Today Paris, and all of France, comes out of lockdown. The government has relaxed restrictions and you’ll no longer need an attestation (self-written consent form) to leave your home or apartment. The country has been divided into two zones, red and green, determining where the virus is spreading most rapidly. You can view the map here. (Paris is départment 75.) Restrictions vary by zone, but here are some general guidelines, which are subject to change:
-Gatherings of up to 10 people will now be allowed.
-Schools are reopening, starting with elementary schools with reduced amounts of students (15) in each class, with a promise that classrooms will be regularly disinfected. A gradual increase in proposed to open junior and senior high schools, as the month progresses.
-Trains and public transit will gradually increase in service. Some métro stations will remain closed, however, and the RATP will operate at 75% of capacity. They are relying on a “civic duty and responsibility pact” with passengers to adhere to the rules. Seats will be blocked off in an effort to keep riders at a distance from each other. (The métro this morning was standing-room-only.) Workers in Paris will need to supply documentation from their employers in order to use public transportation to get to and from work.
[Note: Social distancing guidelines in France are to keep 1 meter (3 feet) apart from others. In the U.S., those guidelines are 2 meters (6 feet.)]
-Masks will be distributed to Navigo (transit pass) subscribers at certain métro stations. They will be required on public transit as well as in ride-shares like Uber and Kaptain. Pharmacies will receive a certain amount of reusable masks that can be handed out for free from May 11 to June 8 if you sign up at the Paris.fr website. Hand sanitizer will also be provided at public transit stations. The price of hand gel is regulated in France, but because masks vary by quality, design, and materials, there is no fixed price on them yet. French President Emmanuel Macron has been wearing a mask in public to encourage people to wear them as an act of civic duty and patriotic pride.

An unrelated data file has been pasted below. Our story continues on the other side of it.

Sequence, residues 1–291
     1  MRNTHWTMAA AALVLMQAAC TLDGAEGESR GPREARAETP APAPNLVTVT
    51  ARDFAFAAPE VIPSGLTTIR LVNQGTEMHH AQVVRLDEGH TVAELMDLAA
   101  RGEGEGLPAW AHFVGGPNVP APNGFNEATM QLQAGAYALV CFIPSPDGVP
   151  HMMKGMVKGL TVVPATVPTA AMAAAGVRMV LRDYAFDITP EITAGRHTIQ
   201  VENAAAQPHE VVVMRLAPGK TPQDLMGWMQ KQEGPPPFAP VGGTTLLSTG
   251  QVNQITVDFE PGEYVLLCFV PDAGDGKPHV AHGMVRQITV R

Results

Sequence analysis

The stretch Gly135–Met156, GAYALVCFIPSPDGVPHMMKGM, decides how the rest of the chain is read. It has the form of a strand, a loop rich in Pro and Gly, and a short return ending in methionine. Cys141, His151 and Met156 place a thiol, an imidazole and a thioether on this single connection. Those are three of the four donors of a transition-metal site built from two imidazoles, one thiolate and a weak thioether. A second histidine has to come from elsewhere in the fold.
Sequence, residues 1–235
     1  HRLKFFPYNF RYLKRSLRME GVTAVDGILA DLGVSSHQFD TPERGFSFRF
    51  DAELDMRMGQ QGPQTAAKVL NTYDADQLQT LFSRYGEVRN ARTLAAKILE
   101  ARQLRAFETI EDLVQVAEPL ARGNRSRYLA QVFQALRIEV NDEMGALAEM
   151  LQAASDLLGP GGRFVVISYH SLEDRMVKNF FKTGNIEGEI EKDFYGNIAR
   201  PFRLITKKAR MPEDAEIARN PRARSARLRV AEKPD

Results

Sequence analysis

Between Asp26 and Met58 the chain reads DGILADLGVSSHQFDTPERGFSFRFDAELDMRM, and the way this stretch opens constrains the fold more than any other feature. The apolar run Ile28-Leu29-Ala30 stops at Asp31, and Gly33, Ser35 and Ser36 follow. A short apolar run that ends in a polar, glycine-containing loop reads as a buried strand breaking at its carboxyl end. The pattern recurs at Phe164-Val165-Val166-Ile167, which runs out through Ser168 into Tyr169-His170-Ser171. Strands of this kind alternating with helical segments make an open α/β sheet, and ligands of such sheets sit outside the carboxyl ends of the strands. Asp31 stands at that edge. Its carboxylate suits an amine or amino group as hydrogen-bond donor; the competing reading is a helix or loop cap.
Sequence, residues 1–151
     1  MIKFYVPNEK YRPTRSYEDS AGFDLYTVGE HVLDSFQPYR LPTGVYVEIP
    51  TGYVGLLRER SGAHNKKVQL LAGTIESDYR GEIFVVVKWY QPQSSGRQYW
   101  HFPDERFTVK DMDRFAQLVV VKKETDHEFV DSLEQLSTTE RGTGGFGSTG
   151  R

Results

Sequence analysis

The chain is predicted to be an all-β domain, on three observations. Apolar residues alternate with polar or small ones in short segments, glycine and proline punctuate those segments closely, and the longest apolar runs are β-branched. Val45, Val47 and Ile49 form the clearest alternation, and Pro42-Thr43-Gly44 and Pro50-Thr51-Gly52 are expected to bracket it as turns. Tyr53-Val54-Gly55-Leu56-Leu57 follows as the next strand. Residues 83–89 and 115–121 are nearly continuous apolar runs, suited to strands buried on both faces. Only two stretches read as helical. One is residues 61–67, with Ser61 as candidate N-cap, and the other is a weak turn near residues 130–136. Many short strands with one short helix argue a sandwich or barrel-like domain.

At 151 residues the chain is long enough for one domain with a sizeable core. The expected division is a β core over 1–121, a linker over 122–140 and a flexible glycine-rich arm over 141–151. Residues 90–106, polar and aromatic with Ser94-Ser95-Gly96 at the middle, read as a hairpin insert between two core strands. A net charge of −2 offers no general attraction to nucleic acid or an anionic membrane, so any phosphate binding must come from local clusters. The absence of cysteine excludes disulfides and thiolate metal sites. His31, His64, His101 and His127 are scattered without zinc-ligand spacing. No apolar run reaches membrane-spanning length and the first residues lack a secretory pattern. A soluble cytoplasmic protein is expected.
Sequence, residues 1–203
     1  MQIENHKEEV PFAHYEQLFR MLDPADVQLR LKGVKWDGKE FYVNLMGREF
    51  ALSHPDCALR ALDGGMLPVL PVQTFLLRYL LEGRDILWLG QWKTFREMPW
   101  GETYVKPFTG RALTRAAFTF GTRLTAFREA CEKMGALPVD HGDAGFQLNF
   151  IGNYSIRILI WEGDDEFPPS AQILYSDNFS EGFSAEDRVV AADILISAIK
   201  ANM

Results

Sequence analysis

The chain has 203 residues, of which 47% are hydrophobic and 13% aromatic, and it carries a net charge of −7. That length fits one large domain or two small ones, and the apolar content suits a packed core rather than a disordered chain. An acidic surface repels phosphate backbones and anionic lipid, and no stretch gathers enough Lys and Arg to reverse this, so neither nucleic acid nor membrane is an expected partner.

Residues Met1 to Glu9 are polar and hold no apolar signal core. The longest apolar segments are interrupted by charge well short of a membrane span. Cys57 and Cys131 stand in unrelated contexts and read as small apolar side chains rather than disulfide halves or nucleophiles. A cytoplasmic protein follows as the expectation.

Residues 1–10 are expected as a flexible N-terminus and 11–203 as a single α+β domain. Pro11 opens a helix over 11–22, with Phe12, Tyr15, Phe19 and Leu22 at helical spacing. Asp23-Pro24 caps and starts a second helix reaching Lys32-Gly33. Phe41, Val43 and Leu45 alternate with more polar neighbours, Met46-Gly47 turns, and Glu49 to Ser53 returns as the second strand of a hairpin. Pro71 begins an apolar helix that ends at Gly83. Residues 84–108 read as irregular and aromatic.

-Small museums will be allowed to open but larger museums, like the Louvre and Musée d’Orsay, will remain closed.
-Restaurants, cafés, and hotels will remain closed until at least June 2nd, when measures will be reviewed. However many restaurants and food-related businesses have started offering meals to-go. Most are putting that information on either their websites, Facebook, and Instagram accounts.
-Some shops will start opening today, at the owner’s discretion. Owners may limit the number of people in their shops at the same time and require purchases to be made by credit card. Food stores, supermarkets, and bakeries remain open. Outdoor markets are scheduled to reopen providing they take precautions regarding following proper hygiene procedures and social distancing recommendations. The city of Paris has launched a website where you can get items delivered to your home from some of the outdoor market vendors. The website is here.
-Depending on the region, and whether you are zone red or green, some parks (and perhaps beaches) may be open.
-The Health Minister announced that France now has the ability to test 700,000 people per week and said they will begin doing so. Testing will be overseen by the public health department.
-The borders of Europe still are closed to international travel and France is under a state of “Health Emergency” until July 24th. There’s been no indication or notice given when that will be lifted but the government is planning to release a reopening of tourism plan by the end of May. For updated information about tourism, I advise you to check with the embassy of your country for guidance if you have current or future travel plans.
Visit the official French government website with information on the coronavirus here.
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